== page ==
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Explained in 3 Minutes

NAS (No Age Statement)


What the heck is that?

No, not the rapper, NAS is an acronym for No Age Statement whiskies - whiskies with literally no age stated on its label. Age statements convey the youngest aged whisky in the bottle, for example, a blend of 12 Year Old whisky, 8 Year Old whisky and 3 Year Old whisky, would have a label that states that the whisky is at minimum 3 years of age.

Hence, the absence of an age on the label signifies that the whisky contained in the bottle are of no guaranteed minimum age. In the case of Scotch (and as some countries such as Japan have now raised regulations similarly), an NAS bottling must still contain whiskies made in Scotland that is at least of 3 years of age to be labelled as Scotch, amidst other bottling requirements.


Who cares?

One of the unique features of spirits, is the way labels are created. They are designed to not only market the bottle (amidst a shelf of hundreds of similar looking bottles), but also to convey what is contained in the bottle, how it is made, and what a drinker should expect. This allows the label to play a critical role in transparency between the brand and the drinker. Hence, tight regulations exist to protect both the heritage of the country of origin and also the drinker.

As such, brands and bottlers have learnt to be fairly adventurous and creative when it comes to how labels are designed. And as the saying goes, "what is not said, speaks as loudly as what is said", the selective absence of key features on the label are just as important as their presence.



The presence of "30 Years Old" can be taken as fact that the whisky contained is at least of 30 years old. (Image Source: WhiskyBase)


As NAS bottlings are often much more easily produced given the much less lengthy maturation time needed, they typically tend to receive some negative connotation, and as such are often deemed to be of lower quality and not worth their price. That is not necessarily the case. Age itself is not a determinant of quality. In fact, many drinkers report that beyond 30 years of age, further maturation either has no impact or a negative influence on the whisky, potentially causing it to be over-oaked. Of course, bottle a whisky too young and indeed it will tend to be too hot and poorly integrated, which is precisely why maturation is a key step in the whiskymaking process.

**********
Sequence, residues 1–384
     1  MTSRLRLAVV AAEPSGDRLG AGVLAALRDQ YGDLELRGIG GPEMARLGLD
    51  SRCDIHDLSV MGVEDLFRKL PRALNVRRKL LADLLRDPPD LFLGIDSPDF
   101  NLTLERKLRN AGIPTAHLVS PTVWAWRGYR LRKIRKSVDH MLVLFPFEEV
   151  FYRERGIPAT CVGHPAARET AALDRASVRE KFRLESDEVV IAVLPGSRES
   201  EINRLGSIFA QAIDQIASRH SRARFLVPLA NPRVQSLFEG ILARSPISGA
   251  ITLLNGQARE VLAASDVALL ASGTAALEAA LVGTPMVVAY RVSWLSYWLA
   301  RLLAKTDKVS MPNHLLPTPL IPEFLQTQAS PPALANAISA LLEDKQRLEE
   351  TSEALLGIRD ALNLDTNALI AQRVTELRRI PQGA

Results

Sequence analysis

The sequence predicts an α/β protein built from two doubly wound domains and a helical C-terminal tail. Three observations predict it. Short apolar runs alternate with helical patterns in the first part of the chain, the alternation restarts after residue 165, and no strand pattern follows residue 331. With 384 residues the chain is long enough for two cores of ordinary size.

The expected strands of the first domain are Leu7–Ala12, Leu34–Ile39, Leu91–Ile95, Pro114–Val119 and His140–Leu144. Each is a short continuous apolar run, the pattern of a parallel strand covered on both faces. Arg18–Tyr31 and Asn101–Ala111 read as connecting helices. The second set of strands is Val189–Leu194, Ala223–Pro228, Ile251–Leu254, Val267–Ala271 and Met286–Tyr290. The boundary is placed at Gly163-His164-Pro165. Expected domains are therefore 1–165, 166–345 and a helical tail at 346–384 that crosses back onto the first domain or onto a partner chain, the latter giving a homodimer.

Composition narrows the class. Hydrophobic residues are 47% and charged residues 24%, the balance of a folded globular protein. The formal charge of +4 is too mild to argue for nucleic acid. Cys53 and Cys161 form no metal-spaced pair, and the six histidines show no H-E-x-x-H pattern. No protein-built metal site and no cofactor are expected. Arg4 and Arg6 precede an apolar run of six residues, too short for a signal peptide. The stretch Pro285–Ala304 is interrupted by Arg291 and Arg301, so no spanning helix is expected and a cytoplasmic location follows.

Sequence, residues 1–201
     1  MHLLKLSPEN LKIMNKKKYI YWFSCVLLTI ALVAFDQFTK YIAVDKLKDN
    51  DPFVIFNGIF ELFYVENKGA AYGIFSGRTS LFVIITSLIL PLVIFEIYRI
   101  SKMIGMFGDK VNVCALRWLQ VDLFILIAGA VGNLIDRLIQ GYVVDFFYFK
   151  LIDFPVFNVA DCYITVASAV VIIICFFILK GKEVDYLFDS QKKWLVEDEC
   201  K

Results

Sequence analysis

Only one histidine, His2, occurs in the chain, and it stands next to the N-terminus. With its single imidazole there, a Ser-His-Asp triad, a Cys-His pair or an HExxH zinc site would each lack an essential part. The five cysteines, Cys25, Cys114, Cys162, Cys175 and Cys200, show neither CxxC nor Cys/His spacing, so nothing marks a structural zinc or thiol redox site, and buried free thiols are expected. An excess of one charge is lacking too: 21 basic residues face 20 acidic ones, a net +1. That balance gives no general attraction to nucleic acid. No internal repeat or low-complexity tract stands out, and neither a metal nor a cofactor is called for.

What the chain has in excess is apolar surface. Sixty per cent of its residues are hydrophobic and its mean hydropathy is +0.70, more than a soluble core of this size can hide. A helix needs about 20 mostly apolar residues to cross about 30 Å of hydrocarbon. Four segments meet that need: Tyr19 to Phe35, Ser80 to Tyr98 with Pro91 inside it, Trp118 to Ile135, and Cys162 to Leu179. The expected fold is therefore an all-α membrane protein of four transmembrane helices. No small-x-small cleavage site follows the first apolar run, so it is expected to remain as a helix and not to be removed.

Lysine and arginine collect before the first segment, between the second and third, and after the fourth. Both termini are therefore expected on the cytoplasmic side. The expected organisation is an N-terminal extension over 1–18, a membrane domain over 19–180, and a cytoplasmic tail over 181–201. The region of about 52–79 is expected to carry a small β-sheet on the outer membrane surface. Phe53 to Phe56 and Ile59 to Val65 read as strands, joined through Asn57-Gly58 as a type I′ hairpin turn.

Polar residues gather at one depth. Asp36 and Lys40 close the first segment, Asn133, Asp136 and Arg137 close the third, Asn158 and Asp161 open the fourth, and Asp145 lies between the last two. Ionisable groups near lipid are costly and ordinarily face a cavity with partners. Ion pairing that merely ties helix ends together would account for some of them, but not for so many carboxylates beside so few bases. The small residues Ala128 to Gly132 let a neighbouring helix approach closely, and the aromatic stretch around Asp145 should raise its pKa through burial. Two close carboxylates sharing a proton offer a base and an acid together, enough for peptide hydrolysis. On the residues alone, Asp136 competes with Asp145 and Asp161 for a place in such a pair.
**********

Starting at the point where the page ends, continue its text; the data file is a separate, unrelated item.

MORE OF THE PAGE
As such, it is always good to try samples or drams of a whisky at a bar or from a friend or fellow enthusiast before committing to a full bottle!


Why should I care? If there is one thing to remember, what is it?

A good rule of thumb is to assume that only when a detail or specification is present, then it is the case, and vice versa, what is absent should be assumed to not be true with regards to the bottling. For example, a "21 Year Old" on the label can be taken as fact that the whisky contained is at least 21 Years Old, whereas the lack of any age, even if the term "NAS" or "No Age Statement" is not explicitly stated, should be taken to mean that the bottling does not guarantee any minimum age of the whisky contained inside.

In recent times, it is fact that as whisky demand has gone up, given its limited supply, whisky prices have generally gone up across the board, and bottlers have increasingly turned towards releasing more NAS bottlings in order to meet that soaring demand. Yet, due to the that strong demand, NAS bottlings have gotten increasingly pricey despite huge outturns. This has made it harder to choose a good NAS bottle, and so review sites play a huge role in giving you some clue as to whether you might like a bottle.

Nikka's highly popular From The Barrel, an NAS whisky.


Ultimately, good whisky is whatever whisky you like, regardless of age. Some of the most popular whiskies such as the Japanese Hibiki or Nikka's From The Barrel, is an NAS bottling, a well-known fact that has done little to deter its popularity. Also, on the bright side, NAS bottlings also means that distilleries have been able to release more one-off experiments and play around more with new concept bottlings, many of which have been met with great excitement, enthusiasm and no shortfall of which have become massive fan favorites. This has led to a burst of variety for drinkers to try! And as they say, variety is the spice of life.